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The Things We Keep

The sun half filtering into the alley shimmers my breathsteam as I push
through the back door of my Chicago apartment building.

A man leans into the industrial trash bin and sifts through. He pulls out
metal and plastic and adds them to his already heaping, well-organized,
shopping cart.

Cans, glass, plastic, and, curiously, a small collection of costume jewelry,
all separated meticulously by color or type into the grocery bags, some
tied and hanging from the metal wires.

                                                               What time did he start work this morning?

In Minnesota my uncles chuck 40+ years worth of rotted wood,
metal scraps and carpet cuttings into a dumpster. They prep
for the retirement move.

The two-car garage once packed so tight, the car grazed two old sawhorses
on the right and on the left the chest freezer’s dinged with black from
Grandma’s car door.

                                          Tato, my grandpa, cannot watch as the uncles make the decisions he can’t.

A— and I stay up late on the phone lamenting all the things of which
we need to let go. She cleans and makes piles while I babble on and on about

She reports the contents of her bathroom:

baking soda
bar soap (handmade)
lotion (handmade)
castile soap
three towels
three washcloths
too powder (homemade)
a few bits of makeup (just in case)

                                                                             This is all.

Fantasies of living location-independent keep me working
and reworking my packable wardrobe:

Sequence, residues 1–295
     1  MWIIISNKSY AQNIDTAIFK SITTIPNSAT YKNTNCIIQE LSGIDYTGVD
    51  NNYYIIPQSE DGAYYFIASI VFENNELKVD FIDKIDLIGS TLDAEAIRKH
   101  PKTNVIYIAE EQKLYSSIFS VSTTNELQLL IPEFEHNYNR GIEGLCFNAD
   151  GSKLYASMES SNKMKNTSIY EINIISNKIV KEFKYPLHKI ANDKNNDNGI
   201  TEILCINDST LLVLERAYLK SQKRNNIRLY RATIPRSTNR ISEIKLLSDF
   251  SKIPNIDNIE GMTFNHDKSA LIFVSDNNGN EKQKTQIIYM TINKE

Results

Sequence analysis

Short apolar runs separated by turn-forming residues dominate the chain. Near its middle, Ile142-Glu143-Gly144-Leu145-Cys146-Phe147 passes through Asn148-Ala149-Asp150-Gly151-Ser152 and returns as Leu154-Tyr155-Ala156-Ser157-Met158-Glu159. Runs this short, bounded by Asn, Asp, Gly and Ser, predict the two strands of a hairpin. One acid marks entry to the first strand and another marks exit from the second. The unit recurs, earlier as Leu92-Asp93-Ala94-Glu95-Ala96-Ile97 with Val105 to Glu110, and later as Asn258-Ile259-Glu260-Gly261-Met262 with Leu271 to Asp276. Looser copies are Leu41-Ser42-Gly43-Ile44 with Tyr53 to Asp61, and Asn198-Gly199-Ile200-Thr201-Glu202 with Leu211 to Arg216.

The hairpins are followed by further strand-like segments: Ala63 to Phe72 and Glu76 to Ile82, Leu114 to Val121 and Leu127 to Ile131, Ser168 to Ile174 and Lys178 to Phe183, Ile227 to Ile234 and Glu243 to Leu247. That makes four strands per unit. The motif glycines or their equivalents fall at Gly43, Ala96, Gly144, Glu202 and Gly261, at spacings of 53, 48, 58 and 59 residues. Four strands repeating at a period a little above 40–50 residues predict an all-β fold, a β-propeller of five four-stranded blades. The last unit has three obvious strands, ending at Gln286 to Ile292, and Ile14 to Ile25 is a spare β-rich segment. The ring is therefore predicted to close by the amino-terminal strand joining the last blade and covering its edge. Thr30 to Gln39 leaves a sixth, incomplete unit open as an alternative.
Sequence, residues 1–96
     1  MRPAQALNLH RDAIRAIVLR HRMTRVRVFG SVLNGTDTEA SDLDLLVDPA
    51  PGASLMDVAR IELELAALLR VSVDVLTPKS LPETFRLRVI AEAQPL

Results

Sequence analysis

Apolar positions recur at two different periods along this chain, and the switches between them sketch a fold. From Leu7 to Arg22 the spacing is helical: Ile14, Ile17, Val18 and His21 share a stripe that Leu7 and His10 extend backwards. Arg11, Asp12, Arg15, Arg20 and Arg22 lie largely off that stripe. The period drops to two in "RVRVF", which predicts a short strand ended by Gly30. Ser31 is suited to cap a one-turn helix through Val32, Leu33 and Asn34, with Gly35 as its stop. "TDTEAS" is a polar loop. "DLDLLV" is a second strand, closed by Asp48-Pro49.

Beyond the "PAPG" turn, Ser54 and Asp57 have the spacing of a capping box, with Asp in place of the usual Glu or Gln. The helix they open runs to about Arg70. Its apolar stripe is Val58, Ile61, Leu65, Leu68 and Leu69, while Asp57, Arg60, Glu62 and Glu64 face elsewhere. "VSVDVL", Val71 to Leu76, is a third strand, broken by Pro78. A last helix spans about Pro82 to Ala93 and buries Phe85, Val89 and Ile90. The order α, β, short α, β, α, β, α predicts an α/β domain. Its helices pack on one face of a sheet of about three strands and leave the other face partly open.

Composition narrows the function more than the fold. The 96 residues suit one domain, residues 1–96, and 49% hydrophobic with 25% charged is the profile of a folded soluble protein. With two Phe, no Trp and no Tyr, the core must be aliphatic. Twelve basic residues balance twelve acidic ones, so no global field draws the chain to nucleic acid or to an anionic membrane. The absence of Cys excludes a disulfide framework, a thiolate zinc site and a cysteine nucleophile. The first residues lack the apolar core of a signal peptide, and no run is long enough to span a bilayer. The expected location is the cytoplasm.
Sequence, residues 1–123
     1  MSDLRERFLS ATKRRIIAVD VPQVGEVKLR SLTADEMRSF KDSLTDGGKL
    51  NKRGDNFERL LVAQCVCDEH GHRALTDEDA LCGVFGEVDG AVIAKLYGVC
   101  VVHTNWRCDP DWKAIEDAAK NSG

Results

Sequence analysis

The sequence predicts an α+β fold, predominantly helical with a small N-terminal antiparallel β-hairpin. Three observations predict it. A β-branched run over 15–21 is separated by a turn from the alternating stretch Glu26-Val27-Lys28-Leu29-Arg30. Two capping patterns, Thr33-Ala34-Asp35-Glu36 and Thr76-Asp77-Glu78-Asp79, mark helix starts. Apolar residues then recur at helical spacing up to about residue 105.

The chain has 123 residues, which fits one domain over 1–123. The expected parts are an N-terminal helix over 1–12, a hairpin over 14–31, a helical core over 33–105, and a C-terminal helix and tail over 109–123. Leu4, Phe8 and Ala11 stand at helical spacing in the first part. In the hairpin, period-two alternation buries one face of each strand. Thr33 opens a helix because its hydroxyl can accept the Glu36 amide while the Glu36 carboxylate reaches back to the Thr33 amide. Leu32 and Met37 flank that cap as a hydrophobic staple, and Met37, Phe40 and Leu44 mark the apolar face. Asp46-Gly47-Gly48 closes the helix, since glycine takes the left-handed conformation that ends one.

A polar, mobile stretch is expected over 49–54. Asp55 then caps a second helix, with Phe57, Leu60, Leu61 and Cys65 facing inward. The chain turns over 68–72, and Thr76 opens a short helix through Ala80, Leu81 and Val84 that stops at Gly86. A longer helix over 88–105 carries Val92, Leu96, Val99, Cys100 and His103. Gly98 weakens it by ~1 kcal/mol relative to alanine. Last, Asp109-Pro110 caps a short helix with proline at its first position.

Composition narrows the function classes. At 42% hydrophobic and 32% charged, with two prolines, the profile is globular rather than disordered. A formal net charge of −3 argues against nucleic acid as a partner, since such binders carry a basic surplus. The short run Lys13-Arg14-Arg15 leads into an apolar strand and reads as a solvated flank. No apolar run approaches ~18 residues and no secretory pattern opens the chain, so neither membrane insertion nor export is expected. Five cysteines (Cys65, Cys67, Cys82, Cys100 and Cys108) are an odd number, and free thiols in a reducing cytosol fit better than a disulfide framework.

two pair cotton trousers
one pair joggers
two pair leggings
one pair jeans
black dress
shawl wrap
two collared shirts
two tanks
two teeshirts
two long-sleeve shirts
one sweater
one all-weather jacket
ballet flats
canvas sneakers
quick-dry underwear
Smart Wool socks.

working out the primary question: what is the most
versatile, quick-drying, easy to clean, wrinkle-free wardrobe possible?

I sell two utility shelves, leave a piece of 60-inch plywood in the alley, give
my sofa-bed to a friend, donate as much as I can cart to the thrift store, sell

as many books as online bookstores take, and give a full cart +
the cart to a neighbor I meet just days before I leave – including my plant,
Carl. What’s left of my life I pack into two Prius trips headed for home.

                                                                           Who am I trying to shed?

Looking for a sanding block in Tato’s new garage, I find eleven hand-saws
neatly piled on a shelf. They look to me a similar size and style, but
what do I know of the nuance of saws?

Some rusty, all a bit weathered, as if every time he needed a saw, like my mother
picking up mustard every time she makes sloppy joes, he bought one rather than
looking through the rubbish.

I ask him, and he laughs. He says he needs them all, they’re all for different things.

                                                                         Who is he trying to hold on to?

There’s a man standing on Monroe between State and Wabash, nearer
the road than the buildings. Standing and staring.

His matted dreads grow near his waist.

His shoes flap open when he does finally walk and the back of his pants
gape from a tear that shows his ashen skin from calf to thigh; I watched that tear grow.

What are the things this man keeps? A family photo, a letter, a memory
of his first kiss, a place to lay his head at night,

                                                                                   love, love, love?

Libby Walkup writes from the north woods of Minnesota. Subscribe to her newsletter at Northwoods Recorder, join her at Medium, and/or buy her a coffee if you want to see more.

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